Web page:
A Functional Medicine Perspective on Wintering

From the standpoint of functional medicine, wintering provides an opportunity to implement supportive nutritional and lifestyle strategies that are season-specific:


Nutritional Support: Emphasizing warming, nutrient-dense foods that align with the body’s natural desire for more substantial meals during the colder months. Think hearty soups, stews, and root vegetables that are rich in vitamins and minerals to support the immune system.


Restorative Practices: Encouraging practices that support the parasympathetic nervous system, such as gentle yoga, meditation, and deep breathing exercises. These activities help mitigate stress and promote relaxation, complementing the body's instinct to conserve energy during this time.


Social Connectivity: While wintering can mean drawing inward, it doesn't necessitate complete isolation. Functional medicine acknowledges the importance of social support and community for mental health. Thus, wintering can also be about deepening connections with loved ones in cozy, intimate settings.


Sleep Hygiene: The longer nights present a perfect opportunity to prioritize sleep – a critical component of health often neglected in our busy lives. Wintering encourages early bedtimes and full, restful nights of sleep, assisting the body's healing and regeneration processes.


Mindful Movement: Engaging in regular, mindful movement, even on the coldest days, helps maintain physical health and boosts mood. Whether it's a brisk walk in the crisp air or a home-based exercise routine, staying active is key.


Integrating Wintering into Care

As nurses and nurse practitioners, we can guide our patients through the process of wintering, helping them to see this time as a valuable interval for self-care. We can educate them on the benefits of adapting to the season’s rhythms rather than resisting them. It’s about embracing the natural cycle of rest that winter demands, allowing for a period of dormancy, much like the earth itself, to emerge rejuvenated in spring.


Wintering, in essence, becomes a form of medicine – one that aligns with the principles of functional medicine by treating the whole person. It is a reminder that sometimes, the best way to move forward is to allow ourselves to be still, to listen, and to heal from within.

Integrating Strategies for Patient Care

As nurse practitioners, we're in a unique position to integrate these nutritional and lifestyle strategies into our care plans. We can guide our patients not just towards the right supplements and diet but also in adopting a lifestyle that aligns with the season's natural rhythm.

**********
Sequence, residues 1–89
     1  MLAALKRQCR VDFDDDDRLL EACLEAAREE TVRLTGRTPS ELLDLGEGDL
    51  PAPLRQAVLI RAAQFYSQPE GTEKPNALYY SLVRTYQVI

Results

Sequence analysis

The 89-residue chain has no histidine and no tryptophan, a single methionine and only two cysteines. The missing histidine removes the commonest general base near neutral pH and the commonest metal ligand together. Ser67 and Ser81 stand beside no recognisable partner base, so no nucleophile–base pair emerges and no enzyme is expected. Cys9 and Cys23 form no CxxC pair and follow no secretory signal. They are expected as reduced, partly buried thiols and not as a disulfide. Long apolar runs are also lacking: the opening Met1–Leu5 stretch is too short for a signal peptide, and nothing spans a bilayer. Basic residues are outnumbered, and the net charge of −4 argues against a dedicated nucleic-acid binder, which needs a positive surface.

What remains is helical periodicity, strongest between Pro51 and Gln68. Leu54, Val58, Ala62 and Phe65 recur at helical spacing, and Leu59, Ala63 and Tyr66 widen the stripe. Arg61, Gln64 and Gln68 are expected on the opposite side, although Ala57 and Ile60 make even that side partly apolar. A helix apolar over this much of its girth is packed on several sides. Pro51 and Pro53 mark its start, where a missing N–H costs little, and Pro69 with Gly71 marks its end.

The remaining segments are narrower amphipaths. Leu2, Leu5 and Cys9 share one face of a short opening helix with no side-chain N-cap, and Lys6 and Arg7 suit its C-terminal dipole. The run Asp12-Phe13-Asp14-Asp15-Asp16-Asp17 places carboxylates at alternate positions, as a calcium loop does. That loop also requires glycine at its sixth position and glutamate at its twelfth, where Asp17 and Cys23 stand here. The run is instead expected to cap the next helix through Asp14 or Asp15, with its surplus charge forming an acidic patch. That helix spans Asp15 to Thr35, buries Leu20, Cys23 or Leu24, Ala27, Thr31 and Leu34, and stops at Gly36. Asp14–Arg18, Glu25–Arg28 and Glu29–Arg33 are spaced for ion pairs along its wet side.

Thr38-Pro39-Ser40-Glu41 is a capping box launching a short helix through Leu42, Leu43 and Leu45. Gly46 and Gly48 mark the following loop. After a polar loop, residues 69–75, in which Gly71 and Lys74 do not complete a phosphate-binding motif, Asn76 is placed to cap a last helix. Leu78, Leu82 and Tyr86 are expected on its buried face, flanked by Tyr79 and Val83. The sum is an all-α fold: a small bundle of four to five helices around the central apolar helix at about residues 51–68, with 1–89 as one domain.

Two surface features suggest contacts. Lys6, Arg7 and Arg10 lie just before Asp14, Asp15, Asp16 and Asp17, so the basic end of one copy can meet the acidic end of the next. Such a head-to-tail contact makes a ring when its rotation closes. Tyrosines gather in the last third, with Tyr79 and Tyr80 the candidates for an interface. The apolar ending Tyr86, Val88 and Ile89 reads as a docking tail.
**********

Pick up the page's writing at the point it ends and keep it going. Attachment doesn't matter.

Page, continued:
Through a combined approach of dietary adjustments, lifestyle modifications, and an embrace of wintering, we can offer a holistic plan to manage SAD. In doing so, we honor the principles of functional medicine—treating the individual as a whole, with nutrition and self-compassion as our allies in the quest for well-being during all seasons.


The strategies outlined here are not only beneficial for those suffering from SAD but can also enhance overall health and well-being. Encourage patients to consult their healthcare providers before starting any new supplement regimen or making significant dietary changes, and as healthcare professionals, let's continue to support each other in our learning and practice. With a functional medicine approach, we can transform the cold months from a period of endurance into a season of wellness and rejuvenation.


Incorporating these strategies into patient care is both an art and a science, one that requires knowledge, compassion, and a dedication to the principles of functional medicine. If you're looking to deepen your understanding and expertise in integrating nutrition and lifestyle interventions into your practice, the course Functional Medicine for Nurses™ that I teach through the Integrative Nurse Coach Academy, in partnership with the Institute for Functional Medicine, offers training in functional medicine specifically for nurses and nurse practitioners. Our curriculum is designed for nurses like you, who are ready to lead the charge in transforming healthcare with a focus on holistic and patient-centered care. Empower yourself with the skills to not only help your patients navigate SAD but also to flourish in every season of their lives. Join us, and together, let's redefine health and healing.